Whatcom County has a history of pipeline disasters, in addition to the 1999 explosion. In 1997 a Northwest/Williams natural gas pipeline ruptured near Sumas Mountain, causing extensive harm to the environment and personal property, according to a Whatcom pipeline background report.
“We have had our share of incidents here locally,” Weimer said. “We are a hub of pipelines in a variety of ways. Oil pipelines, product pipelines and natural gas pipelines come from different directions and pass through us.”
A strong push in the direction of alternate energy sources would lessen the need of pipelines for oil and gas. However, the industry is expanding at a fast rate because of all the newly tapped resources, mainly a result of fracking, Weimer said.
Hydraulic fracturing, known as fracking, is when tons of water mixed with chemicals are used at high pressures to mine natural gases from the shale rock deep in the earth.
The Pipeline Safety Trust does not take a stand for or against particular pipelines, Weimer said. Its efforts are directed at making sure that if pipelines are going to exist, they are used properly and operate as safely as possible.
Weimer hopes to be able to someday expand inspections and work toward better leak detection systems for the sake of communities like Bellingham.
The Trans Mountain Pipeline originates in Canada and therefore is regulated under The National Energy Board standards, according to their website transmountain.org.
Trans Mountain often exceeds their safety regulations and responds to local conditions which may require higher standards, their website said.
Trans Mountain supplies the National Energy Board (NEB) with an annual list of spills and leaks which then is compiled into a performance report. The 10-year average for pipeline liquid spills is 11,042 gallons per 1,000 kilometers (approximately 621 miles), according to the 2011 report from the NEB.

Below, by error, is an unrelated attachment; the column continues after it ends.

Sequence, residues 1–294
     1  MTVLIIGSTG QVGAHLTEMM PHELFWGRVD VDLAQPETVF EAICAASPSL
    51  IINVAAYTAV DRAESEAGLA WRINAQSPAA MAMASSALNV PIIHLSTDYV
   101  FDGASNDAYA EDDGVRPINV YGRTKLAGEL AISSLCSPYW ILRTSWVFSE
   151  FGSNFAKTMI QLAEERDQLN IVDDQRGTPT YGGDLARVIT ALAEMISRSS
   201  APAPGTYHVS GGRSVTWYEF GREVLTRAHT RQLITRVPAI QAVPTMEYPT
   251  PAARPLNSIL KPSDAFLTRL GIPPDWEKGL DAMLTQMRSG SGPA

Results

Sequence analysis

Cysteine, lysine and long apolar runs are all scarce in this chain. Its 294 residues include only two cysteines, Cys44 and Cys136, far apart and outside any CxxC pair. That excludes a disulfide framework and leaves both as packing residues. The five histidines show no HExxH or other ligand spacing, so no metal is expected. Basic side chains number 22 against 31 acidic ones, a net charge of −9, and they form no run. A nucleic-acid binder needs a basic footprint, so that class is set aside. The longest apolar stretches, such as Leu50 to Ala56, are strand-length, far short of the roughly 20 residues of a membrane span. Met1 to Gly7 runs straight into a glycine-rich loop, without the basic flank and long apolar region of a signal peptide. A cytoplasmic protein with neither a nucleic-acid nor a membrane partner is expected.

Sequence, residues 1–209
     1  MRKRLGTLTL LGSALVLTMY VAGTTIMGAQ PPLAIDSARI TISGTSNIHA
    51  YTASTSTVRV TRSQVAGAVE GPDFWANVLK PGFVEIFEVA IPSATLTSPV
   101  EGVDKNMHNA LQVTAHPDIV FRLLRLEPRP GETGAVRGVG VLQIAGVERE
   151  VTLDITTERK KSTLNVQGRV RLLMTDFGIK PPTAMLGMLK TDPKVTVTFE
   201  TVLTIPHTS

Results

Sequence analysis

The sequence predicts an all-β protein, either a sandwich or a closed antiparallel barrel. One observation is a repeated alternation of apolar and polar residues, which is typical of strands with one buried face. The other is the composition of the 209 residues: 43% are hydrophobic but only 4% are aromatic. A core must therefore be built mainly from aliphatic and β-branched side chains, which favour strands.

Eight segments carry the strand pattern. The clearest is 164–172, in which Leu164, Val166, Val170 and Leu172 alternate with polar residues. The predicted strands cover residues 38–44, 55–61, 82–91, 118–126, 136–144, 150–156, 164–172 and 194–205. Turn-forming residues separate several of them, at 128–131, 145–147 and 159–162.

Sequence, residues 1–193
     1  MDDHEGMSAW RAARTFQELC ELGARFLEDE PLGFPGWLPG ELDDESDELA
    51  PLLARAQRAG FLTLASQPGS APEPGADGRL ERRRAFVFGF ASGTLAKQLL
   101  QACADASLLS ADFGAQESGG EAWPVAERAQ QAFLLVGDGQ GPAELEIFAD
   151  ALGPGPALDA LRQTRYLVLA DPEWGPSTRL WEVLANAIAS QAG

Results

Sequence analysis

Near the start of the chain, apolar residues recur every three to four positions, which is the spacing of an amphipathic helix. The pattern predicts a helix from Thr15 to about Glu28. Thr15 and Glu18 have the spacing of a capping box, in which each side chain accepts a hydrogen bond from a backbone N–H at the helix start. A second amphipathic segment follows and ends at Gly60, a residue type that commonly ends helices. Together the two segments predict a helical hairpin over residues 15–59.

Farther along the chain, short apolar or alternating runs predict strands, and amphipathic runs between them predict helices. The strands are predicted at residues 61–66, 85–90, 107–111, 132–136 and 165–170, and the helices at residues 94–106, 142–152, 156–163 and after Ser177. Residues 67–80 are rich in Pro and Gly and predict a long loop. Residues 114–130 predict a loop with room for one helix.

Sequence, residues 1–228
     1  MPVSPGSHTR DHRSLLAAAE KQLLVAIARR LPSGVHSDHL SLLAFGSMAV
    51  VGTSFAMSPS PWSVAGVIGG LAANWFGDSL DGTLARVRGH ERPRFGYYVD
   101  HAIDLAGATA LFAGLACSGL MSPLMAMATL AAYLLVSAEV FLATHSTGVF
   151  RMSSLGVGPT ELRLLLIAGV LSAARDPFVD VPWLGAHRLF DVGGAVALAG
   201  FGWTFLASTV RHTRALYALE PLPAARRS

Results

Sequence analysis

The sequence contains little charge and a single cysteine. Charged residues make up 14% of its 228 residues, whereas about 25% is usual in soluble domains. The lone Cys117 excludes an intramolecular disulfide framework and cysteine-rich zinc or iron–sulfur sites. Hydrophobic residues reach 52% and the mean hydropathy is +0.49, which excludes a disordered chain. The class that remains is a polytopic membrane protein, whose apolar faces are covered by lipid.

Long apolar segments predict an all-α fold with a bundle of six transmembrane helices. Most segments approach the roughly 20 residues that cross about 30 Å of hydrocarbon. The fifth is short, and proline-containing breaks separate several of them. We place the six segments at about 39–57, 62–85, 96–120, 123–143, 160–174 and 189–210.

In the United States, the Pipeline and Hazardous Materials Safety Administration registers all incidents where a spill of five gallons or more is reported and the latest 10-year average in the U.S. was approximately 1,016 gallons per 1,000 kilometers.
The data collected for those measurements differed from year-to-year and differed from the Canadian requirements for spill reports, according to the PHMSA website.
Next Thursday, May 15, the Huxley guest in the Speaker Series will be Gregory Fiske, in Environmental Studies room 100 at 4 p.m. He will be addressing “Extreme Home Efficiency and the Economized Ranch House.” The discussion is free and open to the public.
Where are pipelines?
- All 50 states
- Mostly underground
Why do we use pipelines?
- Movement of fuel, gasses, fertilizer
- There is enough pipeline in the U.S. to circle the earth about 100 times.
- Those pipelines are operated by approx. 3,000 companies.
- The size of the pipes ranges from larger community lines to smaller individual routes.
*Source: PHMSA Annual Report of Milage Summary Statistics